Transylvania, also known as the land beyond the forest, is a historical region in the central part of Romania. Bounded on the east and south by the Carpathian Mountain range, historical Transylvania extended in the west to the Apuseni Mountains, including Vîrful Lăzaru.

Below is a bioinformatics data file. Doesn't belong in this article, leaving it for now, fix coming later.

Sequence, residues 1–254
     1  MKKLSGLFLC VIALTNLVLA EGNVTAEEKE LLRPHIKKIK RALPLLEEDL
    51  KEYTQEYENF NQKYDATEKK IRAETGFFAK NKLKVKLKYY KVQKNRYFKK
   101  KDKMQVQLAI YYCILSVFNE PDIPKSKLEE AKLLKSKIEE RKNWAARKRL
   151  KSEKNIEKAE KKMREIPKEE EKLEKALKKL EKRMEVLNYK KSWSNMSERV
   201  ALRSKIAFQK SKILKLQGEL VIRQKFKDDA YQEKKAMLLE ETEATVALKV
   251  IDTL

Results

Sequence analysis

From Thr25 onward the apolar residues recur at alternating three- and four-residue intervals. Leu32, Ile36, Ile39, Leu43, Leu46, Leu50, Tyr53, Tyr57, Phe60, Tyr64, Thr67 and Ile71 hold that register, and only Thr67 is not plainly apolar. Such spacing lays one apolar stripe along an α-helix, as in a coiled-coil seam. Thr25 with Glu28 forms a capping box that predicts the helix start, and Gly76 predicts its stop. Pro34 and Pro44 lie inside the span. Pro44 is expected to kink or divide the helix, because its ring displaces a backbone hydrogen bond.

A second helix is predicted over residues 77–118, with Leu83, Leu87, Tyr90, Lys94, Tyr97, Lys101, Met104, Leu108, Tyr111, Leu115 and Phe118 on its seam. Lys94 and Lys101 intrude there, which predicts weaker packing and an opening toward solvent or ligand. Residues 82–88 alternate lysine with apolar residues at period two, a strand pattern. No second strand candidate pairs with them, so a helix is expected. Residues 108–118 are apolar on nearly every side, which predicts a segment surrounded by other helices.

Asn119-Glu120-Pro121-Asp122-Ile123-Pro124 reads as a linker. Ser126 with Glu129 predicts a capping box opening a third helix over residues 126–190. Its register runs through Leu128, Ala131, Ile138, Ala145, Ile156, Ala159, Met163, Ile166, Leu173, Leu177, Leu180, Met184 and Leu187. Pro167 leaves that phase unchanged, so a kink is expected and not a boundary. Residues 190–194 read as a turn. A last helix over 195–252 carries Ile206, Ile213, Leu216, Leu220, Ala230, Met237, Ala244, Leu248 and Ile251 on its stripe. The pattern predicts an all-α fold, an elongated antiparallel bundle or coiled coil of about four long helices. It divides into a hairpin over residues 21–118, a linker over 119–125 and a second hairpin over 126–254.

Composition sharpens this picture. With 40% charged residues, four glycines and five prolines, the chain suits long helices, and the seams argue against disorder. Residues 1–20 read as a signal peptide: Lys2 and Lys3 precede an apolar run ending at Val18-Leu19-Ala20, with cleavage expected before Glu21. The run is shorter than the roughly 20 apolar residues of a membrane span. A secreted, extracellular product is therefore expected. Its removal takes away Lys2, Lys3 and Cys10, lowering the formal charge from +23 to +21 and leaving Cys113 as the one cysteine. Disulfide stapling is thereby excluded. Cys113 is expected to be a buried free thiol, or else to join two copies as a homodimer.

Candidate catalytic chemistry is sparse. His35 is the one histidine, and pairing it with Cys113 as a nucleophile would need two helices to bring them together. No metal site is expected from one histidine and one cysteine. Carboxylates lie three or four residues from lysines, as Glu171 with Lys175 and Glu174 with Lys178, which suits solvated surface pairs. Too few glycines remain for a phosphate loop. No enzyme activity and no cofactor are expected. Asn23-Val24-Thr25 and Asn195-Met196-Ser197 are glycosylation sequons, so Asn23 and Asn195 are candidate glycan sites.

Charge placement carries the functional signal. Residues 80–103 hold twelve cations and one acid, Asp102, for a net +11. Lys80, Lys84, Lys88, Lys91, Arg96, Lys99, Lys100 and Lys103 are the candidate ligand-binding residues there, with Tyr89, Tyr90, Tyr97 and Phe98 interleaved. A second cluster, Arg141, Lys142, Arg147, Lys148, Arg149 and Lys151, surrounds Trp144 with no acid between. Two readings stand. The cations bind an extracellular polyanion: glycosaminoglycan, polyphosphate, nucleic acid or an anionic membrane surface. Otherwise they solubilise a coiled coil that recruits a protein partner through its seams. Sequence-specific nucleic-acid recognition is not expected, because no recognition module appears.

Following the publication of Emily Gerard’s The Land Beyond the Forest (1888), Bram Stoker wrote his gothic horror novel Dracula in 1897, using Transylvania as a setting. With its success, Transylvania became associated in the English-speaking world with vampires. Since then it has been represented in fiction and literature as a land of mystery and magic. For example, in Paulo Coelho’s novel The Witch of Portobello, the main character, Sherine Khalil, is described as a Transylvanian orphan with a Romani mother, in an effort to add to the character’s exotic mystique. The so-called Transylvanian trilogy of historical novels by Miklos Banffy, The Writing on the Wall, is an extended treatment of the 19th and early 20th century social and political history of the country.